Some employee benefits brokers are very receptive to cutting-edge technology, while others take a wait-and-see approach. Some are extremely consultative with their clients throughout the year, while others advise clients only during enrollment periods.
Brokers who are “automation leaders” are at the forefront of breakthrough technology and are most likely to seek innovative systems or tools for clients, especially benefits administration and online enrollment tools, according to the report, which surveyed 212 benefit brokers, agents, and consultants on their preferences.
Receptive “Next Gen” brokers prioritize their image as trusted advisers and look for proven results before adopting new technologies. Then there are the “analog consultants,” and while they are dedicated to creating, building and maintaining relationships, they are also calculated and cautious when approaching new technologies.
“There is a clear opportunity gap between what brokers are offering currently and how they know they must adapt to stay relevant,” the authors write. “This migration will involve integrating new technology, seeking out opportunities to educate about new tools and solutions, as well as adopting new approaches to the way they currently sell, service or provide consultation to their clients.”
When asked about specific technology solutions they offer clients:
69 percent of automation leaders offer a benefits administration system, compared to 45 percent of Next Gen brokers and 38 percent of analog consultants
71 percent of automation leaders offer benefits enrollment capabilities, compared to 60 percent of Next Gen brokers and 55 percent of analog consultants
78 percent of automation leaders offer workplace wellness programs, compared to 58 percent of Next Gen brokers and 68 percent of analog consultants
90 percent of both automation leaders and Next Gen brokers offer voluntary benefits, compared to 55 percent of analog consultants
There are also differences in attitudes toward client engagement, according to the report.
“Whereas automation leaders report a higher likelihood of maintaining ongoing client contact throughout the year versus concentrating on engagement only in the months preceding enrollment periods, receptive Next Gen brokers and analog consultants report less frequent interactions,” the authors write. “Notably, the latter two segments are more likely to engage clients only during the sales process, either when profiling companies or providing information on voluntary versus core health benefits.”
Analog consultants are also less likely to be involved in preparing to train HR teams, support employees or provide educational materials about health benefit options – “all things the automation leader has evolved their business to support.”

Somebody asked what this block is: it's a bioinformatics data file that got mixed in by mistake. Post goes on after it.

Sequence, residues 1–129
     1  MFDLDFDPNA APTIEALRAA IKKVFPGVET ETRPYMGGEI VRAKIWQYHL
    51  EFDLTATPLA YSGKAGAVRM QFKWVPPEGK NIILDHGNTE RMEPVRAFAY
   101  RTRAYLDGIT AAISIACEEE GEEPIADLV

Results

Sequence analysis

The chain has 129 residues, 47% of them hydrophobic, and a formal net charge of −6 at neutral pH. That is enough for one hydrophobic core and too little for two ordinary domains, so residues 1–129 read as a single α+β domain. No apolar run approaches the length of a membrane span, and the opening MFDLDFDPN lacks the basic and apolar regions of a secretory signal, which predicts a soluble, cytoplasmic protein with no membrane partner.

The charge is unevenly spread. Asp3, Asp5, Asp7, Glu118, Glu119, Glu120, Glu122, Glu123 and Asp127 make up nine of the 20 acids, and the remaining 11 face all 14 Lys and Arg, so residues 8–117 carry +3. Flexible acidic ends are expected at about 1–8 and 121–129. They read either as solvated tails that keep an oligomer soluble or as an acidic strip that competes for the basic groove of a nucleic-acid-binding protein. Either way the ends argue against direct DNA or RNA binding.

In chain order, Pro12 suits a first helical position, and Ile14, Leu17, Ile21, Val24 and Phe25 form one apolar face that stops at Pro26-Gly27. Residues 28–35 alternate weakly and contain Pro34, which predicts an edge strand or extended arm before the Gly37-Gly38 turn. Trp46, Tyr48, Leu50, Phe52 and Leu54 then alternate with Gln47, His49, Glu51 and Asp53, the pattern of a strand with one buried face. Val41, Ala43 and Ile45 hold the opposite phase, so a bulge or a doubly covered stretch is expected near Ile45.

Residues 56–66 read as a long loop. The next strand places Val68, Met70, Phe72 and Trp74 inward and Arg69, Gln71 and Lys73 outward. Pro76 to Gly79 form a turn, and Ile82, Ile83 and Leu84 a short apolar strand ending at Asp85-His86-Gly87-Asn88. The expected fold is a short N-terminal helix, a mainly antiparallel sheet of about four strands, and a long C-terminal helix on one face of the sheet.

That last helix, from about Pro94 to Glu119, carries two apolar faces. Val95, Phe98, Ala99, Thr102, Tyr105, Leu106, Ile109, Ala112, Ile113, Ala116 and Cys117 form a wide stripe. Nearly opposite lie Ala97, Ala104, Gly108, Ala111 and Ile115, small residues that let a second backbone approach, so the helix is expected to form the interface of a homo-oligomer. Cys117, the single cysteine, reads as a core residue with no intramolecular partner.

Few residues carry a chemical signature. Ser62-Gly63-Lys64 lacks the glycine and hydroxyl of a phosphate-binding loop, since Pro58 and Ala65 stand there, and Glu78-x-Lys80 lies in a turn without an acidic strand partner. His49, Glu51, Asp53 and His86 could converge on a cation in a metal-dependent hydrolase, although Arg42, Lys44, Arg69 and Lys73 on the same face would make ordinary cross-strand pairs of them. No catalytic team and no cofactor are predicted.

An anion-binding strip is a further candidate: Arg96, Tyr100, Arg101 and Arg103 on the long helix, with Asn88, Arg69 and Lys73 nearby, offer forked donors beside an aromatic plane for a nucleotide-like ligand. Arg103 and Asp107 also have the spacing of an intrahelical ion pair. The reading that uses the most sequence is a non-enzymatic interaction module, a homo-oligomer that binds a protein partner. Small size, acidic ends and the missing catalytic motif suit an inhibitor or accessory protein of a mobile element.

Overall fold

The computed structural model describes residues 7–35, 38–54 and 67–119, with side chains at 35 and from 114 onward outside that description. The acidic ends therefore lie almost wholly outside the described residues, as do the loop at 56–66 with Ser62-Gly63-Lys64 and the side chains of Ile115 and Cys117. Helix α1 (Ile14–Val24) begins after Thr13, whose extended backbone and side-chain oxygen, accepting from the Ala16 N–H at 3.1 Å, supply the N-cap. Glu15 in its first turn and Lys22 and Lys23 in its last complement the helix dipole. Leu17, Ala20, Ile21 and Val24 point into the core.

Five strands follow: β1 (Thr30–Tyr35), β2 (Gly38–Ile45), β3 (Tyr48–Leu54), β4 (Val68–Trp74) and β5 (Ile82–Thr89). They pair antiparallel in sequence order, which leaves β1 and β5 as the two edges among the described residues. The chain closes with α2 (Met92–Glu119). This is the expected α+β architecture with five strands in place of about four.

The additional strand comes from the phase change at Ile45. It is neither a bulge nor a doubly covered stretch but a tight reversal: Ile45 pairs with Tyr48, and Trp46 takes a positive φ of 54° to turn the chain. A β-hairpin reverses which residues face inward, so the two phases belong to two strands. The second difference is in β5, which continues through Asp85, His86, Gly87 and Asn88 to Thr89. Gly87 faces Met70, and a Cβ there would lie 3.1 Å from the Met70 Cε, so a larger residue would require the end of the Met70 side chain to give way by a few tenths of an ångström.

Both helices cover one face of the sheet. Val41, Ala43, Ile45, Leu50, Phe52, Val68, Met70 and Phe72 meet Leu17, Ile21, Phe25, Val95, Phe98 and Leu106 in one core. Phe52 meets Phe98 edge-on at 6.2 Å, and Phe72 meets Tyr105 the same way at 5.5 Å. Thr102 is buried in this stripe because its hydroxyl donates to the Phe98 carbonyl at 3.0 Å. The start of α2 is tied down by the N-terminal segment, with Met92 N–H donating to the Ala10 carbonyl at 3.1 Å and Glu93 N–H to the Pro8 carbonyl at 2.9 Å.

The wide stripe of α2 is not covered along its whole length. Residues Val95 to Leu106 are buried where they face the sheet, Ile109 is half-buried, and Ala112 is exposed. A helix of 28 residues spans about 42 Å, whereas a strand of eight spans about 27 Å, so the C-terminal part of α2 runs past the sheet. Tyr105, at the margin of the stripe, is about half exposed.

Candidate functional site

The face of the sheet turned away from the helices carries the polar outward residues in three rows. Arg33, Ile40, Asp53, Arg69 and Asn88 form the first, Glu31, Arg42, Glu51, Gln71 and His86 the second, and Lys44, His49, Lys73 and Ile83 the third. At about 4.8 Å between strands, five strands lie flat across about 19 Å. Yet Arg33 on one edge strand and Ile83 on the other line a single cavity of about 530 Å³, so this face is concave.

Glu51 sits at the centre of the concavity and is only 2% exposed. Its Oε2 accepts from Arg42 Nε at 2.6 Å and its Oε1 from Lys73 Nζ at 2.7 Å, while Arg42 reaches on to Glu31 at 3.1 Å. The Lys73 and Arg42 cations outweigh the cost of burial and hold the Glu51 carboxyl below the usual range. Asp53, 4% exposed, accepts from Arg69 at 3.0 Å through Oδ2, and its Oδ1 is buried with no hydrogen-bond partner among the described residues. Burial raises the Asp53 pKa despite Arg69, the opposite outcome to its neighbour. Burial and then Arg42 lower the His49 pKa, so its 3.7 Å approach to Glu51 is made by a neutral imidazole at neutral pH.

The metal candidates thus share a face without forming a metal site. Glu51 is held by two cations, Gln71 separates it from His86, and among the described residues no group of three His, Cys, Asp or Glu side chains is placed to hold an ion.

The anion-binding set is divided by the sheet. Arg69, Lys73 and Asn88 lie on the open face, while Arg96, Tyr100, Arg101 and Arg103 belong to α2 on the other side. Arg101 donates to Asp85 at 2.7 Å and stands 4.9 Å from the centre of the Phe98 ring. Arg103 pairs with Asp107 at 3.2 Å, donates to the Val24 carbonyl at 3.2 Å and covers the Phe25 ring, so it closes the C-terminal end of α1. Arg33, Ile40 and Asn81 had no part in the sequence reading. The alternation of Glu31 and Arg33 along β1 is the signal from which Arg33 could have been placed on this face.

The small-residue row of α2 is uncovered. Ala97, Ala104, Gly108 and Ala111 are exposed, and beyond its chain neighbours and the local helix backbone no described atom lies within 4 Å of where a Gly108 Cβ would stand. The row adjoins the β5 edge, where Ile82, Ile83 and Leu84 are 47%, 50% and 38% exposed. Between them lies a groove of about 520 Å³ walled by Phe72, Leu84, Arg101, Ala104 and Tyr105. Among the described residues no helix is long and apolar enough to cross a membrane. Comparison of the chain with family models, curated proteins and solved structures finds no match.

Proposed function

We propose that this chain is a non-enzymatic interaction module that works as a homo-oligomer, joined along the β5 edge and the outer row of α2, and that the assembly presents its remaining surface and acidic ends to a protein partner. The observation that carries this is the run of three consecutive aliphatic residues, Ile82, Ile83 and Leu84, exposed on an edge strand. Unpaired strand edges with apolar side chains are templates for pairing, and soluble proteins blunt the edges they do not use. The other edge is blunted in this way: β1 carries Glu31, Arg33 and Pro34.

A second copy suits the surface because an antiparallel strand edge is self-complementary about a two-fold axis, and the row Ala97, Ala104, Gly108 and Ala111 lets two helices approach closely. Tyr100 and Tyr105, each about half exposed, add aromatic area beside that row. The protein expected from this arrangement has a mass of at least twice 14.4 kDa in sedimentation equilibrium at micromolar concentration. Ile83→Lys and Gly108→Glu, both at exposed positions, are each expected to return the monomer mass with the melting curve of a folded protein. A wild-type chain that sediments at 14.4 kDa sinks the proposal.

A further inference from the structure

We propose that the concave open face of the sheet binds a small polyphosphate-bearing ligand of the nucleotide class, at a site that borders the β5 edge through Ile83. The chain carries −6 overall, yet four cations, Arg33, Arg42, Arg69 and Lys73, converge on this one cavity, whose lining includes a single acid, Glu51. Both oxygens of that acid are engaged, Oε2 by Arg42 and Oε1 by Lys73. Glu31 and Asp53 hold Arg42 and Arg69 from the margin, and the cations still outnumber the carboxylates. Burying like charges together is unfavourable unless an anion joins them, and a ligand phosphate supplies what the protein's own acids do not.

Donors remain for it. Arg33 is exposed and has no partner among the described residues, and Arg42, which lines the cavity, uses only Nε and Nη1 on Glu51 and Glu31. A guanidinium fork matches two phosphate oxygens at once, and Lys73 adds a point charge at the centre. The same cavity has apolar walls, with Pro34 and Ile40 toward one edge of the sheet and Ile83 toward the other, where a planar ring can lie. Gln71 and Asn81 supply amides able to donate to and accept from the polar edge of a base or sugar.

Other technology tools that brokers offer clients include:
All-in-one integrated benefits management platform: automation leaders (51 percent), Next Gen (26 percent), analog consultants (25 percent)
Compliance tools: automation leaders (52 percent), receptive Next Gen (22 percent) analog consultants (29 percent)
Administration tools: automation leaders (66 percent), Rrceptive Next Gen (50 percent), analog consultants (39 percent)
Online enrollment tools: automation leaders (72 percent), Next Gen (50 percent), analog consultants (43 percent)
Private exchanges: automation leaders (29 percent); receptive Next Gen (29 percent), analog consultants (28 percent)
The most common reason why brokers don’t adopt systems and tools related to health benefits management is due to cost or budget constraints, according to the report. A third (33 percent) cite this as the number one reason, and another 18 percent responded that such platforms are not applicable to their business.
“Cost/budget” was again the most-cited barrier brokers selected against considering online enrollment tools, with 26 percent citing such tools were not critical for their business. Similarly, 29 percent of total respondents felt that benefits administration tools were not critical for their business.
“Whether you see technology as essential to your role as a benefits consultant or prefer to take a traditionalist approach to advising clients, meeting them where they are is most important,” the authors write. “As employer-sponsored health benefits rapidly evolve, broker behaviors should adopt the latest tools and solutions to provide exceptional service. At the same time, it is incumbent upon employers to understand what to look for in their broker partner and have a 360-degree view of their benefits priorities based on the needs of their workforce.”